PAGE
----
Mora Knife Handle

I have completed my Mora knife handle. A couple of weeks ago I bought a Frosts Mora laminated carbon steel blank from, and decided that instead of putting on scales, I would affix a solid piece of wood. I selected Locust wood, for its hardness, rot-resistance and - I realized after cutting into a log of it - the beauty of its grain.

The thick branch I used appeared to be solid - it had been trimmed by tree surgeons from the neighbour's tree. I used my Gransfors Bruks Small Forest Axe to trim off the bark and sublayers and then to roughly hew the edges out.

Sitting in my newly built shed yesterday, I got to work.

In order to get the tang through the piece, I used my cordless screwdriver/drill and used something like a 1/4 inch drill bit to drill out a passage. I played with the tang until it fit in tightly, such that it wouldn't even go all the way down. That way I could be assured it would tap in snugly later.

I asked my dad to cut out a slot in a Turkish coin I got from Spring, as he has the tools for his model-building at his home.

Then I assembled the coin as a ferrule (I think that is the term) and put the tip of the blade into a 2x4. Mixing some 5 minute epoxy, I ran the glue up and down the tang, and dropped some into the handle. I gently tapped the rough handle onto the tang until the coin was seated tightly against the blade shoulder.

I carefully wiped the glue from the blade and handle where it had overflowed, and waited for about an hour until I returned. I then stealthily extracted a small box of Baklava from the kitchen, along with a can of Coke and sat in the shed munching and sipping away and enjoying the day.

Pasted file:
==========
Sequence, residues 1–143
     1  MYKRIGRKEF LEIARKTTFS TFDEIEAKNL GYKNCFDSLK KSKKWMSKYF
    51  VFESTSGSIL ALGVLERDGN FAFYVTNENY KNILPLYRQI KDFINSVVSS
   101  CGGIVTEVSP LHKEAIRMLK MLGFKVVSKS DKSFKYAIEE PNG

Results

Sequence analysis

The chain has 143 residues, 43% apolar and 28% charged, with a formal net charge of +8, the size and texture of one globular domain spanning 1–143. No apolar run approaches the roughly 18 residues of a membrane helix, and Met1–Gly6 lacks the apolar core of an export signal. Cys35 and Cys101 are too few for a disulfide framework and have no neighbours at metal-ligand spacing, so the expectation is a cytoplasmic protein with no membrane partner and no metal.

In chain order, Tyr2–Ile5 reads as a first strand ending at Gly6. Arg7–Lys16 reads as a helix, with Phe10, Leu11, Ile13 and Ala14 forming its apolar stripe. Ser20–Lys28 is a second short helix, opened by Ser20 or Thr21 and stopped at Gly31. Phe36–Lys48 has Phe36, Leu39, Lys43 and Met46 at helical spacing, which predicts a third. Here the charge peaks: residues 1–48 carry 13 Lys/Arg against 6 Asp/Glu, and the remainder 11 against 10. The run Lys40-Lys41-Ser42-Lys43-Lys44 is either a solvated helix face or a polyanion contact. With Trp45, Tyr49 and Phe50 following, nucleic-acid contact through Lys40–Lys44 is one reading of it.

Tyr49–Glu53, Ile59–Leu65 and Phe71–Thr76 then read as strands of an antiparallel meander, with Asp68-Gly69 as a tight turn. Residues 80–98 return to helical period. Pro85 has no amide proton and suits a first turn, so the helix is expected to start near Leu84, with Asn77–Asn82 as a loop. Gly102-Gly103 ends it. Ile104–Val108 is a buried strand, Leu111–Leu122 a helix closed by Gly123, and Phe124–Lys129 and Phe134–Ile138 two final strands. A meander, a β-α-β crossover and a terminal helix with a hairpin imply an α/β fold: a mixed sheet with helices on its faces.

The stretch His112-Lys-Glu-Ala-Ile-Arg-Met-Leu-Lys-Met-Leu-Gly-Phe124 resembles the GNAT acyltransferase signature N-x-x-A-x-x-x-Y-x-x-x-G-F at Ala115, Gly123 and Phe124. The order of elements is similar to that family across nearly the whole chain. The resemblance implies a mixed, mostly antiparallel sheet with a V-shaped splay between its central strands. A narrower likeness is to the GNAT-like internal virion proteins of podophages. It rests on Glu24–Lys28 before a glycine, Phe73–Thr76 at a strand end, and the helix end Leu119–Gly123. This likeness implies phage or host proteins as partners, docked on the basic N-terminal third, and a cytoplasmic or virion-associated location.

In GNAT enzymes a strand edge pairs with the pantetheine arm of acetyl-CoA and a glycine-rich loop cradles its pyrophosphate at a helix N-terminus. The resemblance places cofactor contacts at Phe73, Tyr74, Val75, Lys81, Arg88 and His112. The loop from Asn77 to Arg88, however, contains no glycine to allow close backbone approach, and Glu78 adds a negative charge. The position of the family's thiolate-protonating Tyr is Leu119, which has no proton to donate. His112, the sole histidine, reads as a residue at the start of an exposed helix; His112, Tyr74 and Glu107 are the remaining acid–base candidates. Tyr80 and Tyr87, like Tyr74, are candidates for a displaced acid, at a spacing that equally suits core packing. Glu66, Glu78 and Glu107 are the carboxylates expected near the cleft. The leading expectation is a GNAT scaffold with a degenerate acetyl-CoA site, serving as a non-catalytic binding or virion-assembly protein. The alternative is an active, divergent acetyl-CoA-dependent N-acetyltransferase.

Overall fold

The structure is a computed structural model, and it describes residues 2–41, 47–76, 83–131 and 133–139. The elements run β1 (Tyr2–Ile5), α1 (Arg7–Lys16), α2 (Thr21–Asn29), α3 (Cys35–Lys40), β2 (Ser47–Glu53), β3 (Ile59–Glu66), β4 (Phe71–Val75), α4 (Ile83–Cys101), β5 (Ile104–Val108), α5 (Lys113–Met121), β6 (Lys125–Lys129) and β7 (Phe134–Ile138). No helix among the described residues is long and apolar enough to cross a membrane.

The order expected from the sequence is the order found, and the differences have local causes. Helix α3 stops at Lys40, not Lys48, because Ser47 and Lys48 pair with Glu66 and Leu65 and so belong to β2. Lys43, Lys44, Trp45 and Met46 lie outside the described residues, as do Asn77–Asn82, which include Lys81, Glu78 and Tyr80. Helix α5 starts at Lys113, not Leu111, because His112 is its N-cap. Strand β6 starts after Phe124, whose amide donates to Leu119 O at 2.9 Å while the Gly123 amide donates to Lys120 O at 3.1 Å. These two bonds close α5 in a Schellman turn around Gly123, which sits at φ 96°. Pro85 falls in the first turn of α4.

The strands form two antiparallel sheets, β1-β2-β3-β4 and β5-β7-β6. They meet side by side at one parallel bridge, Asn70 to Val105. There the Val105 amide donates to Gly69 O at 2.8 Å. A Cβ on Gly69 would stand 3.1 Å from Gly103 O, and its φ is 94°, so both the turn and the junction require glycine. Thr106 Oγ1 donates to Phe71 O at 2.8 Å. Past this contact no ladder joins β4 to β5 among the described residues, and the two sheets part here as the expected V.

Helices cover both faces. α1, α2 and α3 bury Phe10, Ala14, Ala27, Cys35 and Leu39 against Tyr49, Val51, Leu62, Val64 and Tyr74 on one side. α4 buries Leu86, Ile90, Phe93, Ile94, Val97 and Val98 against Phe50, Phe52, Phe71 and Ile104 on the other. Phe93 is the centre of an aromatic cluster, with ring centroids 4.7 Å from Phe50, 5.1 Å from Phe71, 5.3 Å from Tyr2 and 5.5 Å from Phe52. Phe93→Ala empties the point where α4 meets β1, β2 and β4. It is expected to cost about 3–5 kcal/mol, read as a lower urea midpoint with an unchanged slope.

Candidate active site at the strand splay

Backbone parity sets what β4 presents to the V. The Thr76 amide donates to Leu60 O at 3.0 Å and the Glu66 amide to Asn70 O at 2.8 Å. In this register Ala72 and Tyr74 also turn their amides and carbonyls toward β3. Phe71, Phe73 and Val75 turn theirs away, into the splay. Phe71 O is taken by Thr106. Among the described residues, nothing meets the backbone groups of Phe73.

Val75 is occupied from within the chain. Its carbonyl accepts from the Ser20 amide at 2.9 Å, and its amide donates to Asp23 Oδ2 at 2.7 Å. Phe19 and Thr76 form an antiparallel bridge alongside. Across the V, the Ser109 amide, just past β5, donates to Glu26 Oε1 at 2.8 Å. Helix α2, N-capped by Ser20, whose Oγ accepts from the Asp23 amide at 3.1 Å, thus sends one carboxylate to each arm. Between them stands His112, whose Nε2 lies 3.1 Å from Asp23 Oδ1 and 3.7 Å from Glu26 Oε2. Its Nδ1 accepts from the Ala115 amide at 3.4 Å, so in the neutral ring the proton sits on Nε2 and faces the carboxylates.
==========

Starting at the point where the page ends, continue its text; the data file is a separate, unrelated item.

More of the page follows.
After an hour or so, I leaned a rasp against a hole in the top of my work bench, wrapped the blade in a thin sponge to protect my fingers and began to wear down the handle until it seemed to be the right dimension. From time to time I would give it a quick sand to help me reveal any pits or grooves, and after an hour or so I had the handle in mostly the correct shape. I simply tested it by grip to get the right contours, and sanded it using 400 grit all-purpose sandpaper.

I wore the coin down also using the rasp and finally with the sandpaper and soon it matched the contours of the handle at the blade shoulder.

Finally after another careful sanding with 800 grit sandpaper, the tight, hard grain revealed itself. The red heartwood contrasts with the honey colour of the main grain. There is a wonderful swirl across the top and bottom of the handle, reminding me of swirled ice-cream.

I drilled a hole in the back for a lanyard, and put in a length of 550 paracord, and tied it off roughly. I am thinking of making a Turks-head decorative knot to finish it off.

The final step is to coat it in boiled linseed oil, find a sheath for it and give the blade a good strop.



Most Popular Posts